Porirua's Pacific community has turned up to be vaccinated by the carload, with queues forming a kilometre down the road from the region's drive-through vaccination clinic.
The Ora Toa Covid-19 drive-through vaccination clinic is open from 10am-2pm at North City Plaza undercover carpark in Porirua.
But people have been waiting since 8am. At one point cars were backed up to Te Rauparaha Arena, stretching a kilometre down the road.
Capital & Coast and Hutt Valley District Health Boards chief executive Fionnagh Dougan confirmed the queue was closed before 2pm, because there were enough people to be vaccinating beyond the planned closing time.
The clinic has more than enough vaccine supply and has not run out, Dougan said.
Anyone arriving after the queue was closed was redirected around the corner to the Community Vaccination Centre at Lydney Place North, Dougan said.
"This Porirua clinic is our second drive-through clinic pilot, and we are actively working towards organising further drive-through clinics across our region in the coming days."
While the drive-through clinic would be operating for several days, Capital & Coast and Hutt Valley DHBs Pacific Health director Junior Ulu said it was important Pacific and Māori communities were prioritised.
"We know that when you open the floodgates these are the minority groups that get lost," he said.
"So the DHB has put on this day today and we've prioritised Māori, Pacific. It's on actually for the next three days but we have prioritised Māori, Pacific and disability today."
Pacific people made up a large proportion of the people infected in the current Covid-19 outbreak, which plunged the country back into alert level 4 restrictions last week.
Ulu said prior to lockdown work had already been under way to improve vaccination rates among the Pacific population.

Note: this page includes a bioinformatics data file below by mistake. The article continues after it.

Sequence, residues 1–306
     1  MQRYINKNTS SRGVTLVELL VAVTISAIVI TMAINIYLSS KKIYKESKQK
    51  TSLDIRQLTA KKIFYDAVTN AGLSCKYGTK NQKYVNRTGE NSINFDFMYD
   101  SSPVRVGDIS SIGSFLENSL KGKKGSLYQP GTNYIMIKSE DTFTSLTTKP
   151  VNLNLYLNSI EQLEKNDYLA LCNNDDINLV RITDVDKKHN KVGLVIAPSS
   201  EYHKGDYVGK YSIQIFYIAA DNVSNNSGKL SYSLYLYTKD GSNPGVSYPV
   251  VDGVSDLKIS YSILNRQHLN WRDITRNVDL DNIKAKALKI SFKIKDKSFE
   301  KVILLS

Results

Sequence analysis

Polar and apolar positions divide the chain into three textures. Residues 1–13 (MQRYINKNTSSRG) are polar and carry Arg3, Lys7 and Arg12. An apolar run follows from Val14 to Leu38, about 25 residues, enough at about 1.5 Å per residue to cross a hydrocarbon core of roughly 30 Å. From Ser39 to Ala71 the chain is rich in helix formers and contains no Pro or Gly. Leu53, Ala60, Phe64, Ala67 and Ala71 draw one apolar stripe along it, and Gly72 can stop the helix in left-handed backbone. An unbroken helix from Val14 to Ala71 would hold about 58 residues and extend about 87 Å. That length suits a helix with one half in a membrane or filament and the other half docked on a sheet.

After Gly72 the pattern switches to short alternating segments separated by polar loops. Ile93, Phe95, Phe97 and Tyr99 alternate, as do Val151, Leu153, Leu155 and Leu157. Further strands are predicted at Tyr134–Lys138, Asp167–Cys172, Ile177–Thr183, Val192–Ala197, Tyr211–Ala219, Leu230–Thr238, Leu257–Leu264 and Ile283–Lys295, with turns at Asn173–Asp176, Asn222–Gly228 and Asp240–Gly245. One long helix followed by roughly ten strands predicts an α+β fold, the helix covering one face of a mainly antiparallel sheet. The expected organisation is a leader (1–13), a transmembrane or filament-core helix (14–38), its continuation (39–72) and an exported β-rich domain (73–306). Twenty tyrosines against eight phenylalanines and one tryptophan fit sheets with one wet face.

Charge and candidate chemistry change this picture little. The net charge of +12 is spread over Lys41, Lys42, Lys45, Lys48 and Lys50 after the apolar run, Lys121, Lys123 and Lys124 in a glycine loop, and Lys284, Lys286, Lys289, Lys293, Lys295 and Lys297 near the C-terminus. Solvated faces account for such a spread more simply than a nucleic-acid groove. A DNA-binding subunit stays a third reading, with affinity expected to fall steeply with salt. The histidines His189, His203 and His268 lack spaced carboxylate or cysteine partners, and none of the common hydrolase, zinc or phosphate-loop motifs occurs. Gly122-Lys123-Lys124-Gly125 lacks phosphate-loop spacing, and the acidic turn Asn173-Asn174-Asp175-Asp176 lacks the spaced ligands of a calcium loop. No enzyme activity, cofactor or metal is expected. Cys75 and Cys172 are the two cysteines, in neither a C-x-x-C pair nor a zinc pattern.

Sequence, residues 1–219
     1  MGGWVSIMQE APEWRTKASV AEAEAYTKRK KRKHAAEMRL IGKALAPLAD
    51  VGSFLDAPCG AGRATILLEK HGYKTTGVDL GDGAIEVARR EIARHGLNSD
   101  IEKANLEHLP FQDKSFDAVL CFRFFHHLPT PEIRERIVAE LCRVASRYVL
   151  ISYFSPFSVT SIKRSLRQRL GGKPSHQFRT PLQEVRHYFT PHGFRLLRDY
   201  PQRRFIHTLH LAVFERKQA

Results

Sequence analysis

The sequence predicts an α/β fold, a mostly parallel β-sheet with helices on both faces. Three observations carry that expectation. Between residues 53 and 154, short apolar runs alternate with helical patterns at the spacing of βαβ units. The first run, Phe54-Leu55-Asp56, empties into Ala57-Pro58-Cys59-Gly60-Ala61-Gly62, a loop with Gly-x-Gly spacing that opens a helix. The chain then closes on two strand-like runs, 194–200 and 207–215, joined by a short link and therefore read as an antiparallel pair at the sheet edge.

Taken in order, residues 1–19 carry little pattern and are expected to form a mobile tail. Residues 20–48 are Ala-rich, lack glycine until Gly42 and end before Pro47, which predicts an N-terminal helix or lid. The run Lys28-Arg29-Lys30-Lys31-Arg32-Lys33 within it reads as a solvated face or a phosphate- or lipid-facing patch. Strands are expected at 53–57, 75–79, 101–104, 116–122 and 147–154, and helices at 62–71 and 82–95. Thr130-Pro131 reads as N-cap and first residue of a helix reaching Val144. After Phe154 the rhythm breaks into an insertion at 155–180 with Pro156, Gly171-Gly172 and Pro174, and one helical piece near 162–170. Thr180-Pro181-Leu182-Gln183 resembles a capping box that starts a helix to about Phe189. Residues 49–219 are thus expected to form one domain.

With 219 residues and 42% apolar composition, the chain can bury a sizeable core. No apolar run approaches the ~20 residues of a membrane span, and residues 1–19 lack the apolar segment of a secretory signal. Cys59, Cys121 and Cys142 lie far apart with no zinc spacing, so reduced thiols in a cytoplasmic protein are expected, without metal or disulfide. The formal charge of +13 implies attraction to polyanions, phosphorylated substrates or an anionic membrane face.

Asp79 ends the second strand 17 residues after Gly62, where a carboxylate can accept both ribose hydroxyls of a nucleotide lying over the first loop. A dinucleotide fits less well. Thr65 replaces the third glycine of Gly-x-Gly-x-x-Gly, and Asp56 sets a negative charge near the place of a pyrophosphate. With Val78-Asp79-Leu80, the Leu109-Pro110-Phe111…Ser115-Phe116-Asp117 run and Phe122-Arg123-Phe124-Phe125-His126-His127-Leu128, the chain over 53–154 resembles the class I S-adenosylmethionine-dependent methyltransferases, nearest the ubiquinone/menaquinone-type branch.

"We went out to churches and set up festival days – there was Pacific music, there was food," he said.
"It felt like a bit of a function, like an Island wedding, and that was the vibe we were after."
While the festival days had been a success, the sudden shift to lockdown restrictions forced them to rethink their strategy.
"Then alert level 4 happened and we had to re-focus our efforts, and think 'how do we do this, given the number of positive cases that are Pacific, how do we prioritise them and do it under alert level 4 restrictions?' "
Ulu said the clinic had been a team effort from health authorities and community leaders.
"We reached out to our communities and we said to them 'if we put this on, you bring your people and we'll do the heavy lifting and get all the right partners on board'," he said.
"I put a call out in an email the day before yesterday and 62 staff responded within 12 hours, and they're out there today.
"We all have to put aside our titles and just muck in and get this done.
"And so the community has come."
The drive-through clinic would be open for eligible populations until 2pm.
People did not need to book for an appointment, but there was a limit of four people per car.